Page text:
(click for video)
Big Dam Bridge
About five nautical miles west of downtown, the Big Dam Bridge was completed in 2006 on top of a pre-existing dam and lock system. The bridge is the longest pedestrian-only bridge in the USA. We wrapped up our last night in the city by visiting at dusk to see if we could get the drone in the air and photograph the sunset. Ix-nay on the drone due to wind and timing, but we walked the bridge and snapped some photos.
Clinton Presidential Library and Museum
I probably would not have given this site a second thought were it not for my friend Patti, who has made it her mission to visit each of the presidential libraries. I was a Clinton fan until a certain blue dress made an intern famous. I’m re-evaluating my stance in light of the exhibits presented at the museum.
The museum is just a mile walk from the park, up over the beautiful Clinton Pedestrian Bridge. The bridge itself is fascinating.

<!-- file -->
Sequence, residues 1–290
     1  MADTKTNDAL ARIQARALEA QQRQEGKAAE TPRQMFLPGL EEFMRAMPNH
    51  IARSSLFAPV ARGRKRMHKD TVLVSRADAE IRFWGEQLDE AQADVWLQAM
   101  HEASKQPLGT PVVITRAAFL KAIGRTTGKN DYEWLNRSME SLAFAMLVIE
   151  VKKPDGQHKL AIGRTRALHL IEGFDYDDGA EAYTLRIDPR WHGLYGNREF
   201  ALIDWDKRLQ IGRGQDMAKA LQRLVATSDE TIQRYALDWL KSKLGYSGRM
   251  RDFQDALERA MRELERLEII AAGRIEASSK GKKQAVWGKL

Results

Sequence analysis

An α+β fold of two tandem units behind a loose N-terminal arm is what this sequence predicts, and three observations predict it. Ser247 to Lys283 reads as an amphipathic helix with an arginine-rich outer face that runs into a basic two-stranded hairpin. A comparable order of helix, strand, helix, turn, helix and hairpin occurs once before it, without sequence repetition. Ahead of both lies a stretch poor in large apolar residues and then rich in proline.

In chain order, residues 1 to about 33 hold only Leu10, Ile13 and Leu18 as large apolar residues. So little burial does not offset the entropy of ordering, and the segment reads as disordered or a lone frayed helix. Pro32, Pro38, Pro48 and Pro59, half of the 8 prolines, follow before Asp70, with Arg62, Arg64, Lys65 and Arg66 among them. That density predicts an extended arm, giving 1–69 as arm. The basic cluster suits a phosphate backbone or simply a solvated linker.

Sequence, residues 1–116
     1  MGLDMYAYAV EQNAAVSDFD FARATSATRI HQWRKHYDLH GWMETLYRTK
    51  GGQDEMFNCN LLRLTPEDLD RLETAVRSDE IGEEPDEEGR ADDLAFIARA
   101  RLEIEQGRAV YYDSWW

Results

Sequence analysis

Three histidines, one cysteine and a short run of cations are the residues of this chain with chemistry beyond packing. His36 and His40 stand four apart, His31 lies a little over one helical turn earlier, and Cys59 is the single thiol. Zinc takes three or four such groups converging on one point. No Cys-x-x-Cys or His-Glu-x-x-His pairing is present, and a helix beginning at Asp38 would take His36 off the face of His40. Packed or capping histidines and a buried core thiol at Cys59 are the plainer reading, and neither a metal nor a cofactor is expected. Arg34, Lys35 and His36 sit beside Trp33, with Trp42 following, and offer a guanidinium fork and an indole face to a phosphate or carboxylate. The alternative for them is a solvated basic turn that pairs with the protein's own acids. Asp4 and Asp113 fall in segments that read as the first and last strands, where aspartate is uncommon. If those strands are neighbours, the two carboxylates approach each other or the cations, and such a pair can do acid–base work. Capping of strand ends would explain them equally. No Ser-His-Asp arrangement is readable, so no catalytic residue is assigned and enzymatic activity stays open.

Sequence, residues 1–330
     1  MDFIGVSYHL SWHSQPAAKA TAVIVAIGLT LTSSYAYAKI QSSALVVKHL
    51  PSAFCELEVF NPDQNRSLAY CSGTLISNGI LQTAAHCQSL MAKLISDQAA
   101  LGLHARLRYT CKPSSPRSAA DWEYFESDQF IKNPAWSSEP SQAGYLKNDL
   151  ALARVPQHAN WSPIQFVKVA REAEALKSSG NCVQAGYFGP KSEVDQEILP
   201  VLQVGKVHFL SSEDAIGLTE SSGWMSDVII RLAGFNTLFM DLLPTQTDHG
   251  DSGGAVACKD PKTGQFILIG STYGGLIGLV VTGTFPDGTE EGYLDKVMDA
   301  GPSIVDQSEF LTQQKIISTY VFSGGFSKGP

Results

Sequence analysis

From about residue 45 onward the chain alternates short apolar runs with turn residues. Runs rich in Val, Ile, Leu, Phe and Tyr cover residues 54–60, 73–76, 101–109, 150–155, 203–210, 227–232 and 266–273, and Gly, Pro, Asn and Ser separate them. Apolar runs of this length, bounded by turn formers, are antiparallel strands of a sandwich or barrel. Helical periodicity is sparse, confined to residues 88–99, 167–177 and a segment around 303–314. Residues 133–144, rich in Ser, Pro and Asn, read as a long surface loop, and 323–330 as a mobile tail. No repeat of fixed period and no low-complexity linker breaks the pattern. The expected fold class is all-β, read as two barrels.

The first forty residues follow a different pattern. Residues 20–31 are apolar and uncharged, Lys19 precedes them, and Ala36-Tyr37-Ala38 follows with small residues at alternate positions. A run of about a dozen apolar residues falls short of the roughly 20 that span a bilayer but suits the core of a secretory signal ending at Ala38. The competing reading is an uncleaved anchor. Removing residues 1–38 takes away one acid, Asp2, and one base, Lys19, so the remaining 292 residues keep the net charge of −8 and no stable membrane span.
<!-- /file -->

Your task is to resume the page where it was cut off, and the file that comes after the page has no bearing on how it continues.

Originally built in 1899 as a railroad bridge, an elevator system was added in 1970 to allow the northernmost section of the bridge to be raised for river traffic. The lift span was permanently raised in 1980 when the railroad that owned it ceased operations. The city acquired the bridge in 2001, renovated the bridge and re-opened it to foot traffic in 2011. As shown above, LED lights provide an ever-changing spectacle at night.
The library is attached to but separate from the museum and apparently, you have to have a legitimate reason and an appointment to visit. The Museum is a beautiful glass-enclosed structure, modeled after the Long Room of Trinity College in Dublin (yes, I read ALL the signs! lol).